Last summer’s “Where’s the T?” was an event. It’s rare in the Chicago queer community that everyone is talking about one thing (if so, it’s often in a bad way), but the play was that kind of phenomenon. It brought us together, for a brief yet beatific moment. It was like going to church.
For those who didn’t catch one of its many sold-out shows, “What’s the T?” was a play developed to highlight the intersections of racism, classism and sexism in Boystown — through the lens of youth experiences. The play followed a youth who was kicked out of his house for being trans and came to Boystown for the resources and solace it promised, finding the neighborhood as prone to oppression and gentrification as it is to providing respite.
To develop “What’s the T?”, lead writer Sara K. worked with youth to “develop characters and storylines,” bringing lived experience into the theatre space. In devising workshops held throughout the year, K. said that the writers and youth would work together to “rip apart scenes or build on them in beautiful ways.” It wasn’t just that the stories included in “What’s the T?” were true. For an audience that experiences these issues every day, the stories needed to feel real.
For AboutFace Education Associate Nic Kay, that dialogue has a crucial impact on the youth AboutFace works with. In our email correspondence, Kay told me,
“I often talk with queer and trans-identified young people about the discrimination they face or current events and often I find that they have been made to feel that their thoughts don’t matter. Through the work AFYT does with young people I believe we encourage them to think critically about their chooses, current events and the TQBLG community. AFYT provides a safe space for young people to become strong leaders who can talk/perform about their lives and the things around them.”
According to Sara K., who also serves as the AboutFace Education Director, the weaving together of youth and adult perspectives fostered an “interesting dynamic” between the company and the community. AboutFace attempted to speak to business owners on North Halsted, hoping to bring their viewpoints into the dialogue. Youth performers went from shop to shop, asking to interview business leaders and shop managers. Sara K. said, “No one would talk to us. Everybody was scared.”
Because of that, there weren’t a lot of adult voices in the play, and there were few white characters. One, Bernard, particularly stood out — as a representation of suburban privilege. For Sara K., it was important to “know what that character was coming from,” as the character could have been a stereotype of a mean white person. K. stated, “We all participate and inherit many systems of oppression. It’s not taught to us to think critically about them. We wanted to start the conversation at that level.”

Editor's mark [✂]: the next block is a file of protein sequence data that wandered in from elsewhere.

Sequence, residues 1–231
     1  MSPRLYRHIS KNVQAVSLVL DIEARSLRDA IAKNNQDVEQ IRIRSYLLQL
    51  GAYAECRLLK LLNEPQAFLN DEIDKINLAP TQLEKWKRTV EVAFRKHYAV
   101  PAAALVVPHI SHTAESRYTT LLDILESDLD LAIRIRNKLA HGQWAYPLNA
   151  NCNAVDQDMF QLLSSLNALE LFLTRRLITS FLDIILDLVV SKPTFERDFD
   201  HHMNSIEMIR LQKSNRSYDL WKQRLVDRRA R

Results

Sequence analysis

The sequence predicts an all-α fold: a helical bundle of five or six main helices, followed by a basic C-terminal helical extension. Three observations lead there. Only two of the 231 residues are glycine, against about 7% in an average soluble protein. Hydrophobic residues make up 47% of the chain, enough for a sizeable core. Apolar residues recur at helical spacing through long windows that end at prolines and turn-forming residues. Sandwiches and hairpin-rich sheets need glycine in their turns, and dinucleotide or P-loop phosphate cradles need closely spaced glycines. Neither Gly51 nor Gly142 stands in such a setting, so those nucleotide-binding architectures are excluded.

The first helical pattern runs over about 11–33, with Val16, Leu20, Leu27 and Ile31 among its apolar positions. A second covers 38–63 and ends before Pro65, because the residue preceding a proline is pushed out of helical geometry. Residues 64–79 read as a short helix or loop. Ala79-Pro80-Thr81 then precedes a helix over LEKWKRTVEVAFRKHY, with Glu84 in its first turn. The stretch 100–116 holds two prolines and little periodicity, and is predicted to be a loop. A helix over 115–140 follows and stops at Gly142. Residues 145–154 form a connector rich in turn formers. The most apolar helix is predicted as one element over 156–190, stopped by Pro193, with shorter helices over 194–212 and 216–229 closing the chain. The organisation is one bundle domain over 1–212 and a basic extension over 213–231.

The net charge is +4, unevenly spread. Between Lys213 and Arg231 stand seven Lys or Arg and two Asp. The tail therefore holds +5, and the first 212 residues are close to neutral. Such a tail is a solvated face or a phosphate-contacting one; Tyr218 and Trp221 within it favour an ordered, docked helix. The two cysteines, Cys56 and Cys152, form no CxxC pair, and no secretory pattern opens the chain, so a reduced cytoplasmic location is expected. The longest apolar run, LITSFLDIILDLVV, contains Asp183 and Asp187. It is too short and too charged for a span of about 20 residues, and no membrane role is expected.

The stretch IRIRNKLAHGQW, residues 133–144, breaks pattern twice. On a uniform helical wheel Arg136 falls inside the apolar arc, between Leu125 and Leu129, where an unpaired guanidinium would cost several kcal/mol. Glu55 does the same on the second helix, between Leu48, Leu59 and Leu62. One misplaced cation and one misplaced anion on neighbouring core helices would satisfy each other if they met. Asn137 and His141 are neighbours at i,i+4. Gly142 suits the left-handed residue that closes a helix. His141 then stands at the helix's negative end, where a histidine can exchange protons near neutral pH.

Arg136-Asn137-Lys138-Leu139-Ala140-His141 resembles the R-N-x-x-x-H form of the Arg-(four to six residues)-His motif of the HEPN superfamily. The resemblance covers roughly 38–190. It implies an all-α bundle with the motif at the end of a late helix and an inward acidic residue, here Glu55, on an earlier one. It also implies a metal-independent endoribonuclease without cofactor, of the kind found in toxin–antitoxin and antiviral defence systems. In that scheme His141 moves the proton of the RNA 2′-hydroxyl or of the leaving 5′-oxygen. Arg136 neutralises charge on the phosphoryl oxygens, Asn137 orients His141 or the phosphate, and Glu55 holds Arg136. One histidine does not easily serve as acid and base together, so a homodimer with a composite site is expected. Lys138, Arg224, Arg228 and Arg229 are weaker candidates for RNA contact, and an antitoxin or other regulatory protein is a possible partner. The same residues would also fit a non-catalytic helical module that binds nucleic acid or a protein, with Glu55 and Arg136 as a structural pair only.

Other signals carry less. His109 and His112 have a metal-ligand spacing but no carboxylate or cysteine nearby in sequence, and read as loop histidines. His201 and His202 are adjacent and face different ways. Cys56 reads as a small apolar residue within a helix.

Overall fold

According to Sara K., “What’s the T?” is “an effort to get people to think critically about their behavior and to think critically about their identity in the community.”
Nic Kay agreed:
“After ‘What’s The T?’, a lot of people in the queer and trans community were left asking…questions of each other like: ‘How do we move forward as a community to rectify these issues of ageism, racism and discrimination in the TQBLG community? How do we create spaces for TQBLG people of all ages to congregate and learn form each other? How can we be allies to each other?’”
In order to further ask those questions, AboutFace is raising funds to put on “What’s the T?” again this summer to “show this project is worth it.” After last summer, Sara K. said that AboutFace was getting requests from all over the community to do a “remount,” which will take place in the second floor loft of Victory Gardens.
According to K., last summer’s final show was cancelled due to a power outage. Their last show was a back-to-back staging, and a storm knocked out their power three-quarters of the way into the first performance. However, the cast played through the darkness, never skipping a beat. Sara K. called it a “beautiful moment of radical, celebratory energy.”
Kicking off the celebration with a party, AboutFace will be throwing an all-ages queer dance event at Bottom Lounge. Called “The Drop,” the party was co-organized by AboutFace’s Youth Task Force and the Chances Dances DJ collective.
When I spoke to Justin Mitchell (who performs under the name DJ Swaguerilla) of Chances, Mitchell told me that the youth were adamant the space not be ageist. As Chances is a 21+ space, I asked Mitchell if that was a challenge for their organizers. Mitchell paused for a moment to reflect and then affirmed my question, “Absolutely. Creating an inclusive space is always a challenge. Creating an all-ages inclusive space is even moreso.”
For Sara K., creating spaces for youth is important as gentrification and security in Boystown are slowly “[pushing] them out of the neighborhood,” while “the organizations that serve them [experience] a similar policing.” K. said that “youth have the same needs adults do.” They need “community, culture and an amazing dance party.” In the process of bringing this event to fruition, it was especially “important for not to think about it as us giving them this space.” It was about working together to build it.
“The Drop” will take place on April 20 at 6:30 P.M. and runs until 10:30, featuring dances and performances from Chicago queer artists like Shea Coulea. According to K., it might sound early to adult attendees, but it’s “not that unusual for youth to have a rocking dance party early in the evening.” For the adults who want to support youth, K. said, “If you’re an ally, you’ll step up and come kiki with them at 6:30. Just being there will show you care.”
Bottom Lounge is located at 1375 W. Lake. and suggested donations are $10. All proceeds will be put toward AboutFace Theatre and the “What’s the T?” remount. For more information, you can visit AboutFace’s website or find the event on Facebook.